Seidel’s statement follows months of the network working to operate more independently of the Republican Party. Billionaire Charles Koch has become increasingly dissatisfied with the tactics and policies of President Donald Trump and did not support him during his 2016 or 2020 election bids.
The Koch move comes after numerous corporate PACs began suspending their donations to Republicans who challenged President-elect Joe Biden’s victory last week. Many of those businesses were acting in response to pressure from clients and customers. The Koch action, coming amid a resounding silence among Trump allies, suggests that megadonors — a small class of brand-name billionaires who give from tens to hundreds of millions of dollars per election cycle — also feel that their reputations are on the line if they back lawmakers who supported Trump’s claims of election fraud.
Key GOP donors including the Ricketts family of Chicago, Home Depot co-founder Bernie Marcus and financier Ken Griffin declined to comment on their giving plans in the wake of the attack on the Capitol. While some are expected to continue backing candidates that are aligned with Trump — Chicago Cubs co-owner Todd Ricketts is the Republican National Committee finance chair — their unwillingness to defend the president and his supporters at a crucial moment could be a sign of their discomfort with the direction of the party.
“I would be incredibly concerned about this, if it was my lane,” said a Republican operative with experience fundraising for Senate races. “The problem is, if corporate PACs aren’t going to give money, corporate executives aren’t going to give money.”
The issue was made significantly more complicated after Florida Sen. Rick Scott, the incoming chair of the National Republican Senatorial Committee and a powerhouse fundraiser for his party, voted against certifying election results in Pennsylvania.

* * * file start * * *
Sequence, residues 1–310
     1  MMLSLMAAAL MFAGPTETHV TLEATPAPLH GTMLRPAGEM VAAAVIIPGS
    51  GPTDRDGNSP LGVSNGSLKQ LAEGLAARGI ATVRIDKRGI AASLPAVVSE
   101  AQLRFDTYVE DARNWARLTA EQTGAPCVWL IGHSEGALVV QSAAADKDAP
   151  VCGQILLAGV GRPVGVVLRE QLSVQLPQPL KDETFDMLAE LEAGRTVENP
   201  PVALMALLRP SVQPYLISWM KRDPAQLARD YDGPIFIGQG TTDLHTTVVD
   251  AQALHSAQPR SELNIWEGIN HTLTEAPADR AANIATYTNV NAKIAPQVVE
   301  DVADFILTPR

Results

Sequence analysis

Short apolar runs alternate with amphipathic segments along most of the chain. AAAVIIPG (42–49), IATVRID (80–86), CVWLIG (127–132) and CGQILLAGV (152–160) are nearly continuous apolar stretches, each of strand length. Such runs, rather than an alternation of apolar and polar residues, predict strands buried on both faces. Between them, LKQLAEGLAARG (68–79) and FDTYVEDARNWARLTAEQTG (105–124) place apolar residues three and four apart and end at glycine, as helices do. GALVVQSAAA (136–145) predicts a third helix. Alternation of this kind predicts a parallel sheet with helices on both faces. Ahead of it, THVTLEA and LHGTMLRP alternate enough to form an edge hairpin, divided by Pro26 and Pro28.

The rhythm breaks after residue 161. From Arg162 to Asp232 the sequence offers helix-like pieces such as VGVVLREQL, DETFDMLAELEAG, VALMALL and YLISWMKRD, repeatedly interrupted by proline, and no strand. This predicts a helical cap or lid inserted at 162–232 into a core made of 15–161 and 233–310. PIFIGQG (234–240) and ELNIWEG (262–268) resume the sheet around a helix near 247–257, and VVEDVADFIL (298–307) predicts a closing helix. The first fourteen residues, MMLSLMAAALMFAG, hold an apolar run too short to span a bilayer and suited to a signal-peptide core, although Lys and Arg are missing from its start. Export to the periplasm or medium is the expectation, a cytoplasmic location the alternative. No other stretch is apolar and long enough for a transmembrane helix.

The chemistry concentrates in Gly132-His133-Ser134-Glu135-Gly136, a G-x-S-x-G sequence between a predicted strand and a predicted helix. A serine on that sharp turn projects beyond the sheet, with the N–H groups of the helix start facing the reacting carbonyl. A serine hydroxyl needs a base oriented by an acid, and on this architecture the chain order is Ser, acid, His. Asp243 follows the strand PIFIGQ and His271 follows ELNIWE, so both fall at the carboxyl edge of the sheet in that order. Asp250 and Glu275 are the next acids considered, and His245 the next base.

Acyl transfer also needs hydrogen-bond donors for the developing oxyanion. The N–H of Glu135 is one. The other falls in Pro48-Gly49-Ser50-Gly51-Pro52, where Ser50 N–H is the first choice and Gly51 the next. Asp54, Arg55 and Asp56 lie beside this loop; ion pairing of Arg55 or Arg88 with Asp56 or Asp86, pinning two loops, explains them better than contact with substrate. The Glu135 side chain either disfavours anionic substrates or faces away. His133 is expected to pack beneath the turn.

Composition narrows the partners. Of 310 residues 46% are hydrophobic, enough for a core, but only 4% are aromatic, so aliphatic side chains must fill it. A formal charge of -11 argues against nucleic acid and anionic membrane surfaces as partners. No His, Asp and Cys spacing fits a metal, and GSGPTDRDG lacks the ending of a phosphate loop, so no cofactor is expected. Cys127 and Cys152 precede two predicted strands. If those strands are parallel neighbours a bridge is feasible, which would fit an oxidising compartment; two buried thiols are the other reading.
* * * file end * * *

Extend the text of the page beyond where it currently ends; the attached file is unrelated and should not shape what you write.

Scott — who is widely considered to be a 2024 GOP presidential candidate — rapidly tried to reassure skeptical, and sometimes angry, donors he is still well-positioned to lead the committee in a series of phone calls this week, according to two sources familiar with the calls.
Scott also sent a two-minute video to donors earlier this week marking the start of his NRSC chair role. Wearing a navy vest and baseball cap, the Florida senator avoided addressing either the violence at the Capitol or Trump’s months of insistence that there had been widespread voter fraud during the election. Instead, he emphasized the high stakes of the 2022 congressional elections and need to raise a “bazillion” dollars to retake the Senate.
“If we fail to become the party that is trusted to lead America into the future, Democrats will lead America to the past,” Scott says in the video. “They will erode our economy and our culture, and turn America into just another decaying example of socialism. We won’t let that happen.”
Asked about Scott’s efforts to appease donors, NRSC spokesperson Chris Hartline said in a statement: “Chairman Scott has been having great conversations with donors, activists, and Republican senators over the last few days. Everyone is focused on the challenge ahead and excited to get to work to win back the Senate majority.”